**********
Chris Jaffe of The Hardball Times put together a list of notables games Splitt appeared in, as well "as his best/worst/most noteworthy achievements, and some oddball games/moments he happened to be on hand for, even if he had nothing to do with what made that game worthy of note. Hey, they’re all games he appeared in."

It's definitely a must read for Royals fans.

Wednesday, May 25, 2011

Paul Splittorff 1946-2011

The KC Star is reporting that the Royals Hall of Famer has passed away.

I'm of course old enough to remember his pitching career, which means he's been a part of every summer of my life, on the field and later in the booth. If you never got to see him play then I feel for you, because he was a joy to watch.

Rest in peace Splitt, and thanks for the memories.





Year Age W L ERA GS IP BB SO ERA+ WHIP H/9 BB/9 SO/9
1970 23 0 1 7.27 1 8.2 5 10 54 2.423 16.6 5.2 10.4
1971 24 8 9 2.68 22 144.1 35 80 128 1.136 8.0 2.2 5.0
1972 25 12 12 3.13 33 216.0 67 140 97 1.185 7.9 2.8 5.8
1973 26 20 11 3.98 38 262.0 78 110 102 1.363 9.6 2.7 3.8
1974 27 13 19 4.10 36 226.0 75 90 93 1.447 10.0 3.0 3.6
1975 28 9 10 3.17 23 159.0 56 76 122 1.333 8.8 3.2 4.3
1976 29 11 8 3.97 23 158.2 59 59 89 1.437 9.6 3.3 3.3
1977 30 16 6 3.69 37 229.0 83 99 110 1.424 9.6 3.3 3.9
1978 31 19 13 3.40 38 262.0 60 76 113 1.160 8.4 2.1 2.6
1979 32 15 17 4.24 35 240.0 77 77 101 1.354 9.3 2.9 2.9
1980 33 14 11 4.15 33 204.0 43 53 98 1.368 10.4 1.9 2.3
1981 34 5 5 4.36 15 99.0 23 48 83 1.354 10.1 2.1 4.4
1982 35 10 10 4.28 28 162.0 57 74 96 1.377 9.2 3.2 4.1
1983 36 13 8 3.63 27 156.0 52 61 112 1.353 9.2 3.0 3.5
1984 37 1 3 7.71 3 28.0 10 4 53 2.036 15.1 3.2 1.3
15 Seasons 166 143 3.81 392 2554.2 780 1057 101 1.340 9.3 2.7 3.7
162 Game Avg. 14 12 3.81 32 212 65 88 101 1.340 9.3 2.7 3.7

Second Guessing

When the 9th inning rolled around last night, Ned Yost had a couple options on who to send out to the mound to record the final three outs, Joakim Soria and Aaron Crow.

In a world devoid of bullpen roles and the overrated save stat, Crow would've likely pitched the final inning. If Yost had stayed with Crow, win or lose, he likely wouldn't have been second guessed. That's because Crow has been dominant all year, and Soria has not. Soria has a career high BB/9 (4.7) and a career low SO/9 (6.1), he has not looked anything like the guy we've grown spoiled watching. I don't know if he's hurt or what, but coming off a rough homestand, KC was in desperate need of a win and with his control issues, Soria probably wasn't the right guy for the 9th inning.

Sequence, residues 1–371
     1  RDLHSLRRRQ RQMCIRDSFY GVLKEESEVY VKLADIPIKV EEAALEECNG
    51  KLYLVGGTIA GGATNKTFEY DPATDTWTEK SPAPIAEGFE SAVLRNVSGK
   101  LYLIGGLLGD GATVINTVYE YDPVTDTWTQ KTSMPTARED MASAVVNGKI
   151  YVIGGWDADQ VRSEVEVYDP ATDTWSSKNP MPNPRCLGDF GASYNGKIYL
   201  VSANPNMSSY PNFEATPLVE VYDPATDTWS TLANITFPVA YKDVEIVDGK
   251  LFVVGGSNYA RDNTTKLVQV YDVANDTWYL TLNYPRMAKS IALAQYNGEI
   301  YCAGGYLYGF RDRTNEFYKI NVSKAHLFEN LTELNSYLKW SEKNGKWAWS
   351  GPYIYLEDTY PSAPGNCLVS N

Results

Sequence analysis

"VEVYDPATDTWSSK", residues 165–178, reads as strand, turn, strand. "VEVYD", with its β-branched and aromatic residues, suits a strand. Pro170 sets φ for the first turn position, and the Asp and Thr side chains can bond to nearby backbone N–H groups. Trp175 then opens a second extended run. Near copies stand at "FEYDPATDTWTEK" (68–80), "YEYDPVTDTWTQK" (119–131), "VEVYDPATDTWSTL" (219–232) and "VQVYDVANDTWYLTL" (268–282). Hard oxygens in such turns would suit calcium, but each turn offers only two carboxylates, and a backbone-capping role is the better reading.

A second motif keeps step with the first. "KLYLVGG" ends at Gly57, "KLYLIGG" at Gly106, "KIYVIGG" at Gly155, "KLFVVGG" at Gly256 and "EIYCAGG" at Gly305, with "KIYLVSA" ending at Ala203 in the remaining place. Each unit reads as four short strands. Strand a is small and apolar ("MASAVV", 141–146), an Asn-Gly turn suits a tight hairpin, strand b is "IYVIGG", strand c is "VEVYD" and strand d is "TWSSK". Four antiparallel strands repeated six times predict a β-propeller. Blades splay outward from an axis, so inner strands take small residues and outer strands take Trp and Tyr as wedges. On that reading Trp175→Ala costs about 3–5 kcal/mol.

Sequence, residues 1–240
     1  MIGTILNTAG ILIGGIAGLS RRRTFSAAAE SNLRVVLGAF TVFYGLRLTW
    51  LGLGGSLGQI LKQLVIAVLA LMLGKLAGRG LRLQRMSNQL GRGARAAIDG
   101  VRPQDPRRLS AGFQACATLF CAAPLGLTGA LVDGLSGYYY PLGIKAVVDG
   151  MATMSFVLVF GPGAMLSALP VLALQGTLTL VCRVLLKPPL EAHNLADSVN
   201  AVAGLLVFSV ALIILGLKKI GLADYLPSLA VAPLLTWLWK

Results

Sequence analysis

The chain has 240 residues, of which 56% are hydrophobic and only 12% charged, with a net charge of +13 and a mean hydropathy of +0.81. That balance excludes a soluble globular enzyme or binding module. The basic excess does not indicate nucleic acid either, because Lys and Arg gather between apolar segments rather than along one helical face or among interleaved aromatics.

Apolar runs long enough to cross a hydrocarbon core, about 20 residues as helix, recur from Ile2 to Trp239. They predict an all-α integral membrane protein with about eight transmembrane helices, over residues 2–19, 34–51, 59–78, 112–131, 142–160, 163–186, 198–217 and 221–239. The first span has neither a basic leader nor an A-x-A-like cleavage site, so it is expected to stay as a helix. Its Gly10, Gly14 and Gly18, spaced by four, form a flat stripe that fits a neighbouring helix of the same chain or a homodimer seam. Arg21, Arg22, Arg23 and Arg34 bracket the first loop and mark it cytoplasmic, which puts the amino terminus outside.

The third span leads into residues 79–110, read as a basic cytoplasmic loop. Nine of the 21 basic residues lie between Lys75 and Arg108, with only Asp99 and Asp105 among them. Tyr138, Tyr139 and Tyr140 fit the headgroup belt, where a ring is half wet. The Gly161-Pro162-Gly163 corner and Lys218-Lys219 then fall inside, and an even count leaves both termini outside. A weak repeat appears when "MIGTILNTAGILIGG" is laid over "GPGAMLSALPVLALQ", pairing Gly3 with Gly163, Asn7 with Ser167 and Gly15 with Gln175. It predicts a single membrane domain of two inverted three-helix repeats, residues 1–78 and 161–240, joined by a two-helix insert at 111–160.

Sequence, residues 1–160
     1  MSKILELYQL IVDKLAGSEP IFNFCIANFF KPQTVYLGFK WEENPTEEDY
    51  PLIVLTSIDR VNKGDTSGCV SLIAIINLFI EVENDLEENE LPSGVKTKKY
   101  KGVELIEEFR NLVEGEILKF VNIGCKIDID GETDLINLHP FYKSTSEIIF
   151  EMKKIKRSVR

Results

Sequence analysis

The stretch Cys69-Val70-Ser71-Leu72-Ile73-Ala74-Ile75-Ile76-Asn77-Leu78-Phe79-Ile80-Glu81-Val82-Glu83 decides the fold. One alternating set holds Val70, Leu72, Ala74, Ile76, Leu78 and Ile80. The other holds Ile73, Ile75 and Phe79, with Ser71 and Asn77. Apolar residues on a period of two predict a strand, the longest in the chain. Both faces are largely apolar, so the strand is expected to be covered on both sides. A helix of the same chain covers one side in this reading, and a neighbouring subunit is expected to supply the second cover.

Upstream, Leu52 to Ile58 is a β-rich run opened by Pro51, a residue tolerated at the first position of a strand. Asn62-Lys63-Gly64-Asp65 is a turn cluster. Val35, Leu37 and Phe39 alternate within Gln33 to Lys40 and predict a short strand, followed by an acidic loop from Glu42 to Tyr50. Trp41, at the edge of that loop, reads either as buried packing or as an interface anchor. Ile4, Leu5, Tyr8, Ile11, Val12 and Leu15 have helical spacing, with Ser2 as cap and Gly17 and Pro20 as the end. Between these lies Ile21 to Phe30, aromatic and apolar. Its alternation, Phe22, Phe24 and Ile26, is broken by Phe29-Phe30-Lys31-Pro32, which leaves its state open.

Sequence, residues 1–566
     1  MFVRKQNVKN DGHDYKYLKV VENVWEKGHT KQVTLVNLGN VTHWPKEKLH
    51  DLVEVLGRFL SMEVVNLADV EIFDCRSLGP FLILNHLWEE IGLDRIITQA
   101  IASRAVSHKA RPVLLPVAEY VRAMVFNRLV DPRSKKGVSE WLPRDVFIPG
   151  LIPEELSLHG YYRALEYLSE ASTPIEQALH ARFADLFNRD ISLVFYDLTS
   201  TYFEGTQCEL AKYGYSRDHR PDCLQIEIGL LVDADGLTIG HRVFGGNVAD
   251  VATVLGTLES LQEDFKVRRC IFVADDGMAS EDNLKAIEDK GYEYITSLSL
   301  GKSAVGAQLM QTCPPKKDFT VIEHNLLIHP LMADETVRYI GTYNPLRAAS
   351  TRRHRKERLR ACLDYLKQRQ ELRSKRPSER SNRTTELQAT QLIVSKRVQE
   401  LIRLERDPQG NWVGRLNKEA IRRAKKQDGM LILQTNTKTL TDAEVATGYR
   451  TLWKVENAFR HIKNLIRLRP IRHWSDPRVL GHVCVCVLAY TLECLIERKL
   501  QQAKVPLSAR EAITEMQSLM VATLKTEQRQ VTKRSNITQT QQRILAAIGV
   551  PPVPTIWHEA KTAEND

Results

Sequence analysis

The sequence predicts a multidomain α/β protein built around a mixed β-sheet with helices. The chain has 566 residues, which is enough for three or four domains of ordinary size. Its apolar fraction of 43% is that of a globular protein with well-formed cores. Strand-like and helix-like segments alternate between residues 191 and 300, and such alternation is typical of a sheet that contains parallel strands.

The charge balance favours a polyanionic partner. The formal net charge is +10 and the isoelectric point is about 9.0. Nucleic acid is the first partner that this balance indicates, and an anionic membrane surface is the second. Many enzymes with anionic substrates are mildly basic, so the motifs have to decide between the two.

But Yost sent him out there anyway, and with a little help from Wilson Betemit, he gave up 3 runs to lose the game. Another way to look at it, he gave up more runs last night than Crow has given up all year (2).

I'm not campaigning for Crow to be installed as closer because we know what that will mean, he'll only pitch in save situations and tied games. I'd just like to see Yost be a little unconventional, go with the hot hand, so to speak. At least until Soria gets his mojo back, then I'd like to see Crow in the rotation, but that's a post for another day.

Thursday, May 19, 2011

Time to move Melky down

There is plenty of blame to go around for last nights 5-4 loss to the Texas Rangers, 13 walks issued by the pitching staff and 2 KC baserunners getting picked off for starters, but despite all that they had a chance to win the game in the bottom of the 10th inning. Melky Cabrera came up with the bases loaded and one out and proceeded to pop out to the shortstop. The next batter, Eric Hosmer, flied out. Inning and threat over.

I applaud Ned Yost for shaking up the batting order by inserting Alex Gordon into the leadoff spot (hopefully he keeps him there but it wouldn't surprise me if Chris Getz is back atop the lineup tonight). It was outside the box thinking and it reminded me of how the California Angels would bat Brian Downing leadoff. Downing wasn't your typical 1980's leadoff hitter, in that he wasn't very fast, but he had some pop and he excelled at the one thing a leadoff hitter should do best, getting on base. So while I admire Yost for pulling the trigger on that move, I'd actually like to see him shake things up further, by moving Cabrera down in the lineup.

Cabrera, thanks to a career high .449 slugging percentage, has been perfectly acceptable this year. In fact, he's been much better than I ever thought he would, but his .305 OBP in the #2 spot is hurting the offense. I won't get into the debate on whether Mitch Maier or Gregor Blanco were actually better CF options this year because what's done is done. Blanco is gone and Maier most likely soon will be, besides we all know that Cabrera is just keeping CF warm for Lorenzo Cain anyway.

The stat that jump out at me is this, in 39 games he's reached base via a hit or walk just 9 times in the first inning, his line of .189/.231/.189 pretty much means he's an automatic out. Someone like Wilson Betemit and his .386 OBP would play much better in front of the 3-4-5 hitters. Plus, he may have got the fly ball that would've won last nights game.

Here's the lineup I would like to see on a daily basis:
Gordon
Betemit
Hosmer
Butler
Francoeur
Cabrera
Treanor
Aviles
Escobar

**********
Danny Duffy was wild last night in his major league debut but I seen enough in just 4 innings to make this prediction: the team record for strikeouts in a season by a LHP will fall next year. That record has stood since their inaugural season of 1969 when Bill Butler struck out 156. Since then only five other southpaws have struck out at even 140.

Rk Player SO Year IP ERA+
1 Bill Butler 156 1969 193.2 94
2 Danny Jackson 152 1987 224.0 114
3 Charlie Leibrandt 151 1987 240.1 134